Starting to Accept the Neighbours – @Tom_Chalmers

There was a lack of change in the air at this month’s London Book Fair, but for once this may not have been a bad thing. Settled is not the same as content but 2014 appeared to be the year too-often acrimonious parts found their place alongside each other. Read more »

Innovation is in the blood

If there was one dominant theme coming of out the London Book Fair last week it was of an industry taking a pause, drawing in a big deep breath and working out what comes next. At Digital Minds, the author Nick Harkaway said that publishers liked to reach a plateau and then wait for the next innovation to run them down. In my Leader column for The Bookseller last week, I took issue with this. Just because the activity isn’t visible, and the answers are not forthcoming, does not mean that publishing isn’t thinking about it. Read more »

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My Independent Bookshop: a new chapter in book recommendation

‘How many times in the last 10 years have you heard people moan that there is simply too much stuff around for them to read/listen to/watch?’ Read more »

The end of the beginning

After the excesses of the early years, did we all wake up in 2013 with a digital hangover? It can sometimes feel like it. Coming off the back of three years of treble-digit e-book growth, last year’s growth rate, of around 20%, was a detoxifier. In truth though, this party has barely even begun. As Amara’s Law argues, we tend to overestimate the impact of digital changes in the short term, but underestimate them in the long run. Read more »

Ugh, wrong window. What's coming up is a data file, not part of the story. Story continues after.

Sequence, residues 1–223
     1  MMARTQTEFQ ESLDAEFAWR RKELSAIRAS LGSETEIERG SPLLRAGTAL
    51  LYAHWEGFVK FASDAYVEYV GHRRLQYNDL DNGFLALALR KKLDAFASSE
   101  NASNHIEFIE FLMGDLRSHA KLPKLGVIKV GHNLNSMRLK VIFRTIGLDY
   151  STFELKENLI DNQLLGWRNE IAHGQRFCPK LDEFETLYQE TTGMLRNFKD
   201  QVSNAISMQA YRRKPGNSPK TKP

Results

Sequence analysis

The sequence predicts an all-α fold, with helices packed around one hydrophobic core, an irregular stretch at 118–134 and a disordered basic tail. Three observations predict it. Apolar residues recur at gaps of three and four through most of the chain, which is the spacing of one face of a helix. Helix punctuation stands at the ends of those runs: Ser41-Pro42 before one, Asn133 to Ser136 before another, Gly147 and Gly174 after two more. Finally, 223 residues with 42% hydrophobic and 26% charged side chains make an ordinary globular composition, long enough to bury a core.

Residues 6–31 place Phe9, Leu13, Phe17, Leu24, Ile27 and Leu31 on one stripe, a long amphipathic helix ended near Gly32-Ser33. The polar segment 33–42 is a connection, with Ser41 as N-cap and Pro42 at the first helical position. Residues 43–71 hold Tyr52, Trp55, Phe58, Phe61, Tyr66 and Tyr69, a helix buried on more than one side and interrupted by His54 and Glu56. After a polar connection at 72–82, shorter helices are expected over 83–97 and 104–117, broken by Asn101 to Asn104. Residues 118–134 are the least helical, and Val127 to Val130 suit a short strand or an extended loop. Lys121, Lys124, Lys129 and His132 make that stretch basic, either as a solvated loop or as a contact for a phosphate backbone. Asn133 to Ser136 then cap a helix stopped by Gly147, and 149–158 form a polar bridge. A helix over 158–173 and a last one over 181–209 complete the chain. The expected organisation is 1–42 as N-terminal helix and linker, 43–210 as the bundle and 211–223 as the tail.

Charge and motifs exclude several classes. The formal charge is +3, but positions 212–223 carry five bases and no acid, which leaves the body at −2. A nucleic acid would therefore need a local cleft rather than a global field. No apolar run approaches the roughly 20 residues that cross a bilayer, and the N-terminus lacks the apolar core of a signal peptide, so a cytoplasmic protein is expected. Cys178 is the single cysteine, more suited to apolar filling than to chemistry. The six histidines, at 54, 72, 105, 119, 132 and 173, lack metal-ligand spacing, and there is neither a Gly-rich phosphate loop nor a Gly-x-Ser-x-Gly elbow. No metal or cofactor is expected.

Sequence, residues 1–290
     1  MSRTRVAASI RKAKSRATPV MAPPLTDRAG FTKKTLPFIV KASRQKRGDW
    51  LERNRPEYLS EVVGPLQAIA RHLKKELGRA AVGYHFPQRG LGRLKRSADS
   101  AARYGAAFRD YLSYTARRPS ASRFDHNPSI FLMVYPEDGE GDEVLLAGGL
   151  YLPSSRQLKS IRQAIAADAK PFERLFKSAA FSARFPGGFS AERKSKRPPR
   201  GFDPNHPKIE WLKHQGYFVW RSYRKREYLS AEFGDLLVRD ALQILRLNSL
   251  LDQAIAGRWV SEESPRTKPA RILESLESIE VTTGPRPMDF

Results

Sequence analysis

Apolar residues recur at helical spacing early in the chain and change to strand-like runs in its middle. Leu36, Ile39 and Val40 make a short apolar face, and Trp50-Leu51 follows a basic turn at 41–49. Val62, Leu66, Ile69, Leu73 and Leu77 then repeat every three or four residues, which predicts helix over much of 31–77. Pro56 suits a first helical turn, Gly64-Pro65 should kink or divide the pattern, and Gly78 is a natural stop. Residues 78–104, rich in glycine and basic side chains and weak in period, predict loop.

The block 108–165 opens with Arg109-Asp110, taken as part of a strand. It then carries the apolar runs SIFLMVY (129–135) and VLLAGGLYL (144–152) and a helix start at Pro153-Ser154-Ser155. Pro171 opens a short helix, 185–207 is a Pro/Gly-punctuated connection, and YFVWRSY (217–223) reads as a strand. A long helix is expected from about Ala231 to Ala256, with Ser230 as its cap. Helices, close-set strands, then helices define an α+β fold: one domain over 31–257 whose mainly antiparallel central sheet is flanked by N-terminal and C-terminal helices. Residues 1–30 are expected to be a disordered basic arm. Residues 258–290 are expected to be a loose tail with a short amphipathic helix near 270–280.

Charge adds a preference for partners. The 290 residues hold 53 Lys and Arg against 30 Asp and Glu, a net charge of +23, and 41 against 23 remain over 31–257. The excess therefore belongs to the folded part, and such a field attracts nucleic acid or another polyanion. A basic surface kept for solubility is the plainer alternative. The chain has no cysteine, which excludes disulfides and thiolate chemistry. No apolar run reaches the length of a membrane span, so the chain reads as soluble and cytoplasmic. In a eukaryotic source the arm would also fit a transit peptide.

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A vision of a hybrid bookstore

While reports of the death of the book seem to be greatly exaggerated - recent findings show that ebooks continue to do well in fiction and non-fiction categories, where a linear narrative prevails, other types of ebooks such as cookbooks, how to, and other non-fiction categories have yet to show real strength. This, despite the much touted possibilities of multimedia that will revolutionize the reading experience. Other reports indicate that younger readers still favor books, in part because they think ebooks ought to be free. Read more »

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Riding the Rift

Last week’s acquisition of virtual reality outfit Oculus by Facebook raises some interesting questions for the future of the book. Read more »

We need to talk about start-ups

Last week the reading platform Readmill announced that it was slipping into oblivion after failing to make a business case to funders for its continuation. Like too many publishing start-ups, Readmill floundered not because it wasn’t a good idea, well executed, but simply because it ran out of time. Read more »

Advocates of the book - stand up

The future is bright: the future is global. If the printing press enabled scalability - one book can reach many different readers - then digital means that the book is even more scalable in that demand can be satisfied straight away almost anywhere in the world. This is a tremendous opportunity for books and knowledge to spread in new ways, across new networks. A reader the other side of the world no longer has to wait for a book to be printed and distributed, or translated. They can download the book on first publication and have immediate access. Read more »

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The e-book journey into China

Two weeks ago I talked about how India and China represented new growth areas for digital publishers, and how ePubDirect was setting up distribution deals in China. Here are some further thoughts. Read more »

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From story to book and back again

1. THE BOOKLESS BOOK Read more »

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